berry, banana and apple smoothies

I’m celebrating National Poetry Month by writing and reading poetry, every day.

For writing inspiration, I decided to write from a list I made last month of 30 things that make me happy. One each day of the month.

Today, day seven: berry, banana and apple smoothies


searching for the cool
I open the freezer door
air billows meeting

the heat of my face
caressing my nose, cheeks, ears
I stand soaking up

artificial frost
seeking the bag of berries
a sweet tart jumble

balanced by creamy
too sweet banana apple
liquifies the blend

day 7, national poetry month, 2021





time to read the Sunday newspaper

I’m celebrating National Poetry Month by writing and reading poetry, every day.

For writing inspiration, I decided to write from a list I made last month of 30 things that make me happy. One each day of the month.

Today, day six: time to read the Sunday newspaper.

The following contains a golden shovel poem in the last stanza from a headline in the April 4 issue of the New York Times. Scenes from a city holding its breath waiting for justice

Sitting with the paper.
Fresh and untouched.
Sections folded inside
one another.
Waiting to be spread out.
Held open
positioned alongside
coffee and a bagel.

Last Sunday, most Sundays, articles overwhelm me.
Others that make me laugh
or send me on journeys to books, shows, art, food.
All of the horror and beauty that make up people.

Rich, wise, devastating words.

In my quiet space scenes
unfold as I turn pages that take me from
Myanmar turn, fold, to Minneapolis a
heartbeat away. Back to the front, to a city
where ball players exert power, holding
out for Atlanta, holding on to the rights of its
people. Turn, fold, quarter the newsprint take a breath
and scan for the good, waiting
with the belief and hope for
the better side of our kind to secure justice.

day 6, national poetry month 2021

tea towels

I’m celebrating National Poetry Month by writing and reading poetry, every day.
My goal is to write a poem a day for each day of the month of April.

For writing inspiration, I decided to write from a list I made last month of 30 things that make me happy. One each day of the month.

Today, day five, tea towels.

The first tea towel I ever used was a flour sack towel. The softest, whitest, cleanest towel dried quickly and lint free. Not to be confused with a hand towel or a bar towel, a tea towel has so many uses and a fascinating history. Read a bit about it here.

My mother called them dish towels; she had a drawer full of these fine white towels. She used one every evening to dry the dishes. Before she turned off the kitchen light, she’d drape it over a metal rack to dry for the next day. I wish I had thought to get her collecting them. Just as she did silver spoons and tea cups.

Now I have a drawer full. Some simple, some fancy. Last week I bought a set of four for my girl’s first home of her own.

what
she called a dish towel,
utilitarian and simple

could be

a coveted collection in the late 1800s

a medium for flour and sugar marketers

a canvas used by Van Gogh

a secret message sewn into a jacket

a place to develop embroidery skills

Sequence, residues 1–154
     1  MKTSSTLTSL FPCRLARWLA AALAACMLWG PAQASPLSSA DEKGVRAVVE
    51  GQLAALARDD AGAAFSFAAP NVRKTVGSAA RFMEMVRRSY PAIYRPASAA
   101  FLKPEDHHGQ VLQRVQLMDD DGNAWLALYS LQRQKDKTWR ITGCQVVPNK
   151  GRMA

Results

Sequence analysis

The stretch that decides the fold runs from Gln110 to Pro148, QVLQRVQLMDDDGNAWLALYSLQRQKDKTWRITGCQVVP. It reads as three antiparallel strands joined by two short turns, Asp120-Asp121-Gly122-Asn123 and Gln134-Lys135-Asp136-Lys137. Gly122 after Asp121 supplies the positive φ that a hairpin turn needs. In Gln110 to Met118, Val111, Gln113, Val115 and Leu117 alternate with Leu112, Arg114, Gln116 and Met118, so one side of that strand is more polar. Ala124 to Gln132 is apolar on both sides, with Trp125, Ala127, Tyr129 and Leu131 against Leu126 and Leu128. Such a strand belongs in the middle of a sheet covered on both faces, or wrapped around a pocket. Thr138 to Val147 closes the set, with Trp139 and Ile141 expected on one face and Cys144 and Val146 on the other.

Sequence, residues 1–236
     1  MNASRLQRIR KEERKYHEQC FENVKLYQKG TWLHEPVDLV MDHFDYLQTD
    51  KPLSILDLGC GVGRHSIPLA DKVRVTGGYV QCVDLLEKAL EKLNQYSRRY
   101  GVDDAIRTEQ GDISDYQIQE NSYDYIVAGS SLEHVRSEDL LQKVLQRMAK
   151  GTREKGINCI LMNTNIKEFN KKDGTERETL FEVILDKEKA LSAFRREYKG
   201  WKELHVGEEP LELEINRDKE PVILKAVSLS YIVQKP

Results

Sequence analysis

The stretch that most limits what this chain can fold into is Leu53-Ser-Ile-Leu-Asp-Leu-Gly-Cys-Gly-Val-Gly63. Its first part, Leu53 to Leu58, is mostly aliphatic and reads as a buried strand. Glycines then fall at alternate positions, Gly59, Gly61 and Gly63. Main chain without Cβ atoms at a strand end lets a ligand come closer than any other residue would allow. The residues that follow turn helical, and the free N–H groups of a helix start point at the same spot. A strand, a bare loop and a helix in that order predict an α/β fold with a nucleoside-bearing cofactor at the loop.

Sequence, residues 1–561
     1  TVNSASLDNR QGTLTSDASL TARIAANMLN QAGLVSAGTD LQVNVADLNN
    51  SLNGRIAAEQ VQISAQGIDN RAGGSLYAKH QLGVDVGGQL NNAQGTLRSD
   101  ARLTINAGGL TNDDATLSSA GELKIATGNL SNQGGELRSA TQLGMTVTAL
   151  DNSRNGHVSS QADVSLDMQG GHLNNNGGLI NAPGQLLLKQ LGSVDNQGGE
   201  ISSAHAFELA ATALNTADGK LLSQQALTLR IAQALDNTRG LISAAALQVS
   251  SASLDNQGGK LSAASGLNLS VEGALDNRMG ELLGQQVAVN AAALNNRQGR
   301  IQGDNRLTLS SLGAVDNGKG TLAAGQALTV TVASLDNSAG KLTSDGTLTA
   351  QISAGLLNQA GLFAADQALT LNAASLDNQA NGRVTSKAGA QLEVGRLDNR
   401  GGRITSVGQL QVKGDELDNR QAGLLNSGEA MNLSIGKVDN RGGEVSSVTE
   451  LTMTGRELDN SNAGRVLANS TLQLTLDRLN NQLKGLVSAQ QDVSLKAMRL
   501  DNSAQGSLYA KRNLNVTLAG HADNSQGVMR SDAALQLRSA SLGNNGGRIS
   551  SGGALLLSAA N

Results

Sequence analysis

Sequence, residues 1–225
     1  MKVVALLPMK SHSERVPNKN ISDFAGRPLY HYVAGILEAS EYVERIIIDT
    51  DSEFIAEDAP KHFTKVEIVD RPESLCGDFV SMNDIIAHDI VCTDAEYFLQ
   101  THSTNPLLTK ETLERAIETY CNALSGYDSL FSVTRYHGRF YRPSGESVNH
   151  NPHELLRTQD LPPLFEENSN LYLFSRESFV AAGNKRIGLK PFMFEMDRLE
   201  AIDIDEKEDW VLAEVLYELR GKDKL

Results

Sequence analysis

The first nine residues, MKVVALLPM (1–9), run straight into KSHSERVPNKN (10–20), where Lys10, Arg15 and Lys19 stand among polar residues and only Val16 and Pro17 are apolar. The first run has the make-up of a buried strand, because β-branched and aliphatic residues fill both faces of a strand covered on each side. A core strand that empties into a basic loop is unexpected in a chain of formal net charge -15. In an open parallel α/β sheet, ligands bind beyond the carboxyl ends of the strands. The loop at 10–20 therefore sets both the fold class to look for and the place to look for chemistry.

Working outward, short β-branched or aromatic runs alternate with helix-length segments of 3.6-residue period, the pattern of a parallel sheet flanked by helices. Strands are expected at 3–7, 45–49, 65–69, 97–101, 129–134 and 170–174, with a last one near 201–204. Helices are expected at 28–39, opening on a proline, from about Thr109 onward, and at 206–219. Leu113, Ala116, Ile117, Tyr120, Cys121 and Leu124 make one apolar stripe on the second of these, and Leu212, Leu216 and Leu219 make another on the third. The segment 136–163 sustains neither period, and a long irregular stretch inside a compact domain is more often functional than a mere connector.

a tool to polish, dry, mop, wipe, wrap,
cover, crisp, strain, protect, pad, decorate

a tradition to pass down

lives on in my kitchen
destined to drudgery,
draped over my shoulder,
always at the ready
to clean what need be

day 5, national poetry month, 2021

yunomi, a ceramic cup with no handles

I’m celebrating National Poetry Month by writing and reading poetry, every day.
My goal is to write a poem a day for each day of the month of April.

For writing inspiration, I decided to write from a list I made last month of 30 things that make me happy. One each day of the month. Today, day four: yunomi, a ceramic cup with no handles

My love of handless tea cups is connected to the love warming my often cold hands, but also because of its aesthetic. The shape makes me happy. I am drawn to them. Read more about the history and art of yunomi here.

born of clay and potter’s hands, irregular at times
passed from Chinese tradition, the tea is
steeped in boiling water and
cooled, so when
held at top and bottom it
reveals the perfect cup of tea

day 4, national poetry month, 2021

the color of my kitchen, buttercream

I’m celebrating National Poetry Month by writing and reading poetry, every day.
My goal is to write a poem a day for each day of the month of April.

For writing inspiration, I decided to write from a list I made last month of 30 things that make me happy.
One each day of the month. Today, day three: the color of my kitchen, buttercream

light brewing before dawn

morning is slow to enter
trees, fence, hills shield
the rising sun

light

from windows counter
the dark morning song
of coffee

brewing

beginnings of sweet
possibilities that paint
the space

before

dampening
anticipation of the day
buttercream walls soften the breaking

dawn


day 3, national poetry month, 2021


steel-cut oatmeal with raisins

I love making lists. Sometimes, most of the time, I do nothing with them. But this time, my list has become my poetry project for National Poetry Month. It’s perfect because there is one for every day of April, they are all simple things, and they make me happy.

day 2: steel-cut oatmeal with raisins


The no nonsense-ness of oatmeal
doubles down when it’s steel cut,
the coarse-ness is a luxury
of time and forethought.

A breakfast born of boiled
pieces takes patience
waiting for the inner kernel
to soak though and blossom to softness.

The whiteness in warm milk
accented by speckled sweetness
of black and golden raisins.
Sunday treat.

day 2, national poetry month 2021.